If you have ever wondered what accounting theory is, read on! These fundamental principles help accountants produce more accurate and efficient financial statements. The purpose of accounting is to provide organizations with critical financial information that will aid in strategic planning and decision-making. Accountants also benefit from knowledge of accounting theory because it helps them keep their financial records organized, accessible, and accurate. Moreover, it can provide them with a broader perspective on accounting and the role of an accountant.
Accounting writers have used different methods for forming the theories. Some writers have largely followed the deductive process, while others have used more flexible or exiomatic techniques. The deductive process suggests that the purpose of an accountant’s work is to provide information about relevant economic events. The user then must fit the events into their decision model. This process is based on assumptions about human behavior. But, as we shall see, the deductive process is not sufficient to produce an accurate accounting theory.
Accounting theory focuses on the structure and behavior of accounting practitioners. It begins with observable occurrences and translates them into money values and symbolic forms. From there, the accountant manipulates these inputs in a formal accounting system, generating financial statements. Although accounting theory is based on reason, there is no consensus about what is useful. Therefore, the debate continues. A few important theories have emerged in recent decades. In 1922, William A. Paton published Accounting Theory With Special Reference to Corporate Enterprise. The theory of accounting has been studied ever since. Other writers include Henry Rand Hatfield and Sidney S. Alexander.
Although accounting has existed for centuries, businesses and economies have continued to develop. These changes have made accounting theory constantly adaptable. Today, organizations such as the International Accounting Standards Board help develop practical applications of accounting theory and modify International Financial Reporting Standards. Certified Public Accountants help companies meet these changes and stay abreast of accounting theory. This article will highlight the concepts that are most important to accounting. But before diving in, it is important to know a little bit about the history of accounting theory.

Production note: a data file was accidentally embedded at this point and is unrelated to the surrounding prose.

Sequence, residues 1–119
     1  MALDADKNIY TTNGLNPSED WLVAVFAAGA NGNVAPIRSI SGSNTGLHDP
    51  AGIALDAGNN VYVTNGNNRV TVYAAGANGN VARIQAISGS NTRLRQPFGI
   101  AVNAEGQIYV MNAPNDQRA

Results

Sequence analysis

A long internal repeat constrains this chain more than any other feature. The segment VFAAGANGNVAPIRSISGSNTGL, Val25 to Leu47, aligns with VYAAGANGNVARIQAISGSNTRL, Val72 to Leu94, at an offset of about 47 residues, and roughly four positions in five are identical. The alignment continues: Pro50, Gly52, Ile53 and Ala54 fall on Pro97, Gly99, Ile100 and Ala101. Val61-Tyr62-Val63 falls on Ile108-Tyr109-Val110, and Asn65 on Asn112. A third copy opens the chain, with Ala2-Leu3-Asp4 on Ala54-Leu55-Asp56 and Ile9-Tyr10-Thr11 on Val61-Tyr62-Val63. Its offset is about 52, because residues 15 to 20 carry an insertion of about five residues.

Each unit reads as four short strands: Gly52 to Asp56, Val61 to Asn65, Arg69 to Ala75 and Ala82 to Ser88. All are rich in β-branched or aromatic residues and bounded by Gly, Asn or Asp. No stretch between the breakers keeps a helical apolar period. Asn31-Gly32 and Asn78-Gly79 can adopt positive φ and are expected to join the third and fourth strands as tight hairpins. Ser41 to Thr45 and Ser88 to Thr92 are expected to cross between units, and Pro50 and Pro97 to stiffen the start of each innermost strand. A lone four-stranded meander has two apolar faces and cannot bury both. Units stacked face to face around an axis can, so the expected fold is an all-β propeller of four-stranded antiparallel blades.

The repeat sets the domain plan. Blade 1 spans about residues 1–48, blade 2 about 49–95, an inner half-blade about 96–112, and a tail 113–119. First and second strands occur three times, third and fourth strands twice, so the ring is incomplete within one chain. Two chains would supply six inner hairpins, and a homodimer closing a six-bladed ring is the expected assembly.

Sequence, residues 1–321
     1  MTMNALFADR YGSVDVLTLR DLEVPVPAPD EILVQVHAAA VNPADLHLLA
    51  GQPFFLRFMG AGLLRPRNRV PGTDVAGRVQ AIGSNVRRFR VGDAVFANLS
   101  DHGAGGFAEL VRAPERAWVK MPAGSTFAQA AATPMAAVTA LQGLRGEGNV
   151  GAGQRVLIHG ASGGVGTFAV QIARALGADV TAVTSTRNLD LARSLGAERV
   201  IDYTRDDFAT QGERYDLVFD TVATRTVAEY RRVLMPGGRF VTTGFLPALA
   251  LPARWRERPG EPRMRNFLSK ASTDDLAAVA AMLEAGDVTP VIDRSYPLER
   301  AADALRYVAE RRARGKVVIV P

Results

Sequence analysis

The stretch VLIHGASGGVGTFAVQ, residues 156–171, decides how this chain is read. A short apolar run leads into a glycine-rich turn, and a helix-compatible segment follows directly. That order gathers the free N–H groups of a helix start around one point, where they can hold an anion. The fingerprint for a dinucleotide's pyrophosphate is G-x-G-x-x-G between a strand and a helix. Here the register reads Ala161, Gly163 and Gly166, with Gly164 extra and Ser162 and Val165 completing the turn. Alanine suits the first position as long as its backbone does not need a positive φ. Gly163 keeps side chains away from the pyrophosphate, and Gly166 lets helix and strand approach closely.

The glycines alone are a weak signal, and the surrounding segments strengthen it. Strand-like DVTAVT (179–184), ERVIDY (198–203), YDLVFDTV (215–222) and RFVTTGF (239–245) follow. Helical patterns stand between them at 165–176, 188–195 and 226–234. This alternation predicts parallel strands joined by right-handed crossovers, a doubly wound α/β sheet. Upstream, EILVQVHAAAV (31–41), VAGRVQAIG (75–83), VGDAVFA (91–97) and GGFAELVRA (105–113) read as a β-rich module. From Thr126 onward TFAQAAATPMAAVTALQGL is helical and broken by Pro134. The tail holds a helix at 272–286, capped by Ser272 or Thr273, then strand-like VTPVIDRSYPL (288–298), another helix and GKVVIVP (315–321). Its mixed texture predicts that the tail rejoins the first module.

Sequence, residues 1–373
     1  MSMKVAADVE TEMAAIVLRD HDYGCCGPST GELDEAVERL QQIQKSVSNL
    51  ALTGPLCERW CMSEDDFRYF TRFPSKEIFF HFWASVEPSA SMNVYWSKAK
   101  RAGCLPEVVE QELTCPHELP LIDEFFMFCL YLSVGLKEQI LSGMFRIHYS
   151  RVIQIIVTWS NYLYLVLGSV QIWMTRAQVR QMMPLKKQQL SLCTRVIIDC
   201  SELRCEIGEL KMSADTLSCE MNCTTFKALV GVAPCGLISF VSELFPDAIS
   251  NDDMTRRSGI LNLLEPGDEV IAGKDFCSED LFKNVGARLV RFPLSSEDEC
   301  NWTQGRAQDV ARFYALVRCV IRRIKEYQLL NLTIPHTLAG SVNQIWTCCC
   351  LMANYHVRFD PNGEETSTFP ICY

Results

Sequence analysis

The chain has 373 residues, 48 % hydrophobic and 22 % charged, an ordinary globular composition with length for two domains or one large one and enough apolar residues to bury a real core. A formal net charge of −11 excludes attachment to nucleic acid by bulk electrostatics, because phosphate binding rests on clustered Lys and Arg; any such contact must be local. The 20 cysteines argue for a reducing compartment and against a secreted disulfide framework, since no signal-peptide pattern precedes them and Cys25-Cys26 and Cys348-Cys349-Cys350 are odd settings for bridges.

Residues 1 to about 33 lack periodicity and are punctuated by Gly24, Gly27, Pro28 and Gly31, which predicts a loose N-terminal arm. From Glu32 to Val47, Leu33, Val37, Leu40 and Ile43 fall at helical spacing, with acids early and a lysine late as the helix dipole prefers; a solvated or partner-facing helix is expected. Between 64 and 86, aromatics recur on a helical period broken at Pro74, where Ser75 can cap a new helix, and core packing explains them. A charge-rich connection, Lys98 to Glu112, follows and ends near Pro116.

The sociological and ethical approaches to accounting theory differ in how they view the nature of the profession. Positive accounting theory, for instance, does not advocate particular accounting practices. It aims to predict whether firms will use particular methods of valuing assets. While positive accounting theory doesn’t prescribe particular methods of valuing assets, it does not say which method is better. The authors of these two theories have written extensively on positive accounting theory. This theory emphasizes social welfare and evaluates accounting techniques based on the needs of various groups within society.
The decision-usefulness theory, on the other hand, focuses on the use of information by different individuals. In other words, behavioural theory focuses on the usefulness of information to different decision-makers. It seeks to measure the psychological and sociological impact of alternative accounting methods. In addition to addressing economic and behavioural effects, decision-usefulness theory addresses two major questions related to the use of financial statements. The first is who is the user of accounting information? How do we categorize these individuals? In addition, it examines the influence of external reports on management decisions.